What are little boys made of? There’s definitely more to it than frogs and snails. Understanding more about the biological wiring of our sons will help us to better guide, understand and appreciate them.
The more science knows about how the brain works, the more it acknowledges that the profound differences between boys and girls are reinforced by culture and socialisation, but rooted in biology. Boys are, in a nutshell, wired completely differently. We may (or may not) want them to be able to sit still and listen, or not care whether they win or lose, yet for most boys, this won’t happen easily.
As any parent knows, little boys are all about action and find thrill in the adventure of tracking and chasing moving objects, hitting targets, testing their own strength and playing at fighting off enemies. They are in perpetual motion and are action-orientated. Research has established that far from just being impulsive behaviour, boys’ brains are essentially wired to move, make things move and watch things move. Indeed, from the day they are born, boys have a superior ability to track moving objects, and their brains are prompted to visually explore animated objects, geometric shapes and the edges and angles of objects. Intriguingly, boys’ art also tends to use few colours but depict dynamic movement and action scenes, for instance, plane crashes.
Enquiries have revealed that boys’ brains are actually programmed for exploratory behaviour, muscular and motor control, spatial skills, and rough play. They react physically to the environment, and use both muscles and neuron systems in the brain to think, learn and express themselves. They must embody a word to learn it. Therefore, when a boy learns to read a word such as ‘jump’, his brain actually signals his leg muscles, which then must rehearse the action to learn that word. This means the muscles and the body parts used to learn the word stay connected to the meaning of the word, which is why moving boys learn better. This movement is suspected to give boys an advantage at spatial manipulation such as mental rotation, which from age 5 most boys are significantly better at than girls. In fact, in experiments where boys were asked how they arrived at answers to geometrical questions, they replied not with words but squirmed gestured and twisted to explain. Compellingly, it seems that when boys observe their computer game characters’ performance, it also activates signals from the brain to muscles in their body as if it were them actually performing the moves.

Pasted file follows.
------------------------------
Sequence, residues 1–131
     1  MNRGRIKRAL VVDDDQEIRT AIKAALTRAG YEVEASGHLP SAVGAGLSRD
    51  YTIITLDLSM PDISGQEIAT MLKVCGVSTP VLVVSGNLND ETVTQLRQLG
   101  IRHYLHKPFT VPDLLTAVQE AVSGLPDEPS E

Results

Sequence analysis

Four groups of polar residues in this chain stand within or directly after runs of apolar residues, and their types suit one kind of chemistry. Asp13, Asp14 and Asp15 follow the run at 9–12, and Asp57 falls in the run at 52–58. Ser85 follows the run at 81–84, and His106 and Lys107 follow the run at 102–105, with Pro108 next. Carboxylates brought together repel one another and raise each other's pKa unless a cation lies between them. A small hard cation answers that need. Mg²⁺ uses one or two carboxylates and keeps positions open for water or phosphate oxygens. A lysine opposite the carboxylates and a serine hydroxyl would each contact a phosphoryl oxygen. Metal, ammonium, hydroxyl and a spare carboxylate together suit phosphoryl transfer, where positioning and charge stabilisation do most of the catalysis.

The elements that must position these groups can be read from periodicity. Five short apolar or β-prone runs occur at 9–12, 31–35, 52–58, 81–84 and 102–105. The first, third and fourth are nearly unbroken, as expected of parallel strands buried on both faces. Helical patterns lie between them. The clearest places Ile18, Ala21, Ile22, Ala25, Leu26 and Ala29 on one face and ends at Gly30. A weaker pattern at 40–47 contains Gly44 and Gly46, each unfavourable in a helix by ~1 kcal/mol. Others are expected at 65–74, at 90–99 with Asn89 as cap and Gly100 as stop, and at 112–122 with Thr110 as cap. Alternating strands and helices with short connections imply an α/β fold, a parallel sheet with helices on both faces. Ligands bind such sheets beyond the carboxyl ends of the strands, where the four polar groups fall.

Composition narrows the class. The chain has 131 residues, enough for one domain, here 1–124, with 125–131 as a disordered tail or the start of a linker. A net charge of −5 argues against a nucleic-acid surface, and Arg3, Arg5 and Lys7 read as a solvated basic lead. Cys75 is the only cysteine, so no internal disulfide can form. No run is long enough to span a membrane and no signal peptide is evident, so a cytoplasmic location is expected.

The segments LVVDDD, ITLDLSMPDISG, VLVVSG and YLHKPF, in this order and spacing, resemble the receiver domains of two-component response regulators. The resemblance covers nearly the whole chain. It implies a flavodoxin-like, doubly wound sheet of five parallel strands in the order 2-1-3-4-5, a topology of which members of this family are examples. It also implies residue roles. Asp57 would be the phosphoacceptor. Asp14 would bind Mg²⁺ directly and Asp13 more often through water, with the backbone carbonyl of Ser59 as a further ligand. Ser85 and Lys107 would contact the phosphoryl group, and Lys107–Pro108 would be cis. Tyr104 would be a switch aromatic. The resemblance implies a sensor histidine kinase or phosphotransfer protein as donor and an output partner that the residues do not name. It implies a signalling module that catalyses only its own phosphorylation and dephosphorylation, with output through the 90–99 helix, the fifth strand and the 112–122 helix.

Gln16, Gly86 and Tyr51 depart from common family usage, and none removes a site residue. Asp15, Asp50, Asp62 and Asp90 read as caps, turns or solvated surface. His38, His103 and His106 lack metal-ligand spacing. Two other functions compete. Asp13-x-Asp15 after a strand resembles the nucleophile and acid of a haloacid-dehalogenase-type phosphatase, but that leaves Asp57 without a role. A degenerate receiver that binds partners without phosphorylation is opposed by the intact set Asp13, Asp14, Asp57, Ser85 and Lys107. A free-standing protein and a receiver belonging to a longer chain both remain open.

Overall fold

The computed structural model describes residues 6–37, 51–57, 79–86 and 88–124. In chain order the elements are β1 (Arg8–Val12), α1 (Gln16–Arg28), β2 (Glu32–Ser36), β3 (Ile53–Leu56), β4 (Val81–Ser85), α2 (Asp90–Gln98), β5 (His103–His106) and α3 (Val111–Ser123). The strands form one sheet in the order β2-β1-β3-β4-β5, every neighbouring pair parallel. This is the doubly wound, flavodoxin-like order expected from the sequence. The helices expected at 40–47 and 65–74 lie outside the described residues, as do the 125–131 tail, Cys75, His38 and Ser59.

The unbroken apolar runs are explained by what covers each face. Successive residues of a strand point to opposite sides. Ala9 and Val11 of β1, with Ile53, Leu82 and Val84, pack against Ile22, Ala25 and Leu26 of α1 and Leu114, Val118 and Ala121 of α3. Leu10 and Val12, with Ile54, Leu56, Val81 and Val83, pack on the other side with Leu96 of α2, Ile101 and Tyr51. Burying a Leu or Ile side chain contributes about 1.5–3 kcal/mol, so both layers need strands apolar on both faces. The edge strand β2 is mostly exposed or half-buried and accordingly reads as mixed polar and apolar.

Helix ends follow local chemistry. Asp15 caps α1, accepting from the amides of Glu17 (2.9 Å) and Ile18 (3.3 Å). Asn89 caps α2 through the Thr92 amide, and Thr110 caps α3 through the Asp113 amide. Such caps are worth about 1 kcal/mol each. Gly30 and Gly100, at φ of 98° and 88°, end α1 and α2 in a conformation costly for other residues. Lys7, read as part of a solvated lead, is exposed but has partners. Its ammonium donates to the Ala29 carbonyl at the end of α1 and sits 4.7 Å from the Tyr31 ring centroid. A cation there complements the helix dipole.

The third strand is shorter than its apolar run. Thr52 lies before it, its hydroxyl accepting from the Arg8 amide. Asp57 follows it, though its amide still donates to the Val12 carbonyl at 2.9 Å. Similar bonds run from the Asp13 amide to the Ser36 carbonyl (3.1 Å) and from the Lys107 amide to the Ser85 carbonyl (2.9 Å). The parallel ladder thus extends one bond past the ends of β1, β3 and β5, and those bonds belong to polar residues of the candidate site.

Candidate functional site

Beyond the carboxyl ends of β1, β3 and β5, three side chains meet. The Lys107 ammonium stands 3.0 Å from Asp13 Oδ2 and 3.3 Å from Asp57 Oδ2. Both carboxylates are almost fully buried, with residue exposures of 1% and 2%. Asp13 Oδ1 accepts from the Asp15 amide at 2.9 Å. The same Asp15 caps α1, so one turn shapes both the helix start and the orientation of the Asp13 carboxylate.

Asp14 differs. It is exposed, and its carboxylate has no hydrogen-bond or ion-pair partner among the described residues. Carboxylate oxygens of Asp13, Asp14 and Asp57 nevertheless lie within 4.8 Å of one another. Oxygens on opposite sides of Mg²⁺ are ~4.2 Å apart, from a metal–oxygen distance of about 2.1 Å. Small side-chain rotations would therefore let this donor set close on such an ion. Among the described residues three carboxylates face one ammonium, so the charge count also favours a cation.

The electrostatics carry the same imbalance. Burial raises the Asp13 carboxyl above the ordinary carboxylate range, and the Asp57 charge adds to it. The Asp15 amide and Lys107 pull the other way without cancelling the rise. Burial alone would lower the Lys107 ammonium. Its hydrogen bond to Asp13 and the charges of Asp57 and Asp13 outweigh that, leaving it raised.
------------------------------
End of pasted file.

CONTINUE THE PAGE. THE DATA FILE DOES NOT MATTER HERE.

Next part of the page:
It has been revealed that playing computer games activates the feel-good hormone dopamine the same as real-life play fighting does, which is why the more chances there are to conquer in a game, the more thrills boys get. What’s more, by age 5, boys get a brain high from dopamine whenever they show their strength and aggression and, as this feeling is so addictively rewarding, they are always looking to get it. This explains their fondness for scary movies and dares, etc.